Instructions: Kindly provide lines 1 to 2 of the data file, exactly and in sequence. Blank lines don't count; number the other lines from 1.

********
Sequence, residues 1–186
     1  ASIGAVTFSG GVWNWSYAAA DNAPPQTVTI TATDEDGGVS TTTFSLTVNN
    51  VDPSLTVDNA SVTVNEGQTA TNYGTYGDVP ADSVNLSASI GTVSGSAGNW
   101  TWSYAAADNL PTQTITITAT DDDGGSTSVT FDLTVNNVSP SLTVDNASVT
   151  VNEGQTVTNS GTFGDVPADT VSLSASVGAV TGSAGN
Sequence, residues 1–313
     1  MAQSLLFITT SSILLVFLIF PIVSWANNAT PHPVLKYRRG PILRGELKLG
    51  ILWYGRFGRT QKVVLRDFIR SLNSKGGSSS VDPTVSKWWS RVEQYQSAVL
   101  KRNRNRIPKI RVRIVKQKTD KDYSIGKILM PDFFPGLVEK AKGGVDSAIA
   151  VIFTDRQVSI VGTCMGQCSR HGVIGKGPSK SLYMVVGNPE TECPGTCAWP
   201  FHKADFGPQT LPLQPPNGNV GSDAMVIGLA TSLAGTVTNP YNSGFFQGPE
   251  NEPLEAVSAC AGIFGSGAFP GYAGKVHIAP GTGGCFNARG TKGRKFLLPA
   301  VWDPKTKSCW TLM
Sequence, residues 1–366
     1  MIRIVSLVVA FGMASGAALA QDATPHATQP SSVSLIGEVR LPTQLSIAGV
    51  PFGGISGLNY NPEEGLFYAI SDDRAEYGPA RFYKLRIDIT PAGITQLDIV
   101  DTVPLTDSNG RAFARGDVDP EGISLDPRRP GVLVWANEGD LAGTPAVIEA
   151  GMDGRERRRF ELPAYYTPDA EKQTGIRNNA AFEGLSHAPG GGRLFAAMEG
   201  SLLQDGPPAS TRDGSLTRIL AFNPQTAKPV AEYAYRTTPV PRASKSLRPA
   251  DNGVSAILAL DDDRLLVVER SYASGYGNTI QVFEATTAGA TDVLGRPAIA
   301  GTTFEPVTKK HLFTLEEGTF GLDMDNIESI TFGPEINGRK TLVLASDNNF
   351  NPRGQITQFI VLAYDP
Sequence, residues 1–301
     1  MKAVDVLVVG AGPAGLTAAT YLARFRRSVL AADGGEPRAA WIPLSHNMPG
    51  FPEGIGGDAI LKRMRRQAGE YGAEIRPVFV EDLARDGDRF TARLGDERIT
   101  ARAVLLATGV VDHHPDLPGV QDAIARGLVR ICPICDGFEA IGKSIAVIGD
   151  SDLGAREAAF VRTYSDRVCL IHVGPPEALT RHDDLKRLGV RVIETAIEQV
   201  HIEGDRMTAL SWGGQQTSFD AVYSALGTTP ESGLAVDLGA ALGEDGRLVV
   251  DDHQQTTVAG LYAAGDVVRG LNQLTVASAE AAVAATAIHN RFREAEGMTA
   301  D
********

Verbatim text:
Sequence, residues 1–186
     1  ASIGAVTFSG GVWNWSYAAA DNAPPQTVTI TATDEDGGVS TTTFSLTVNN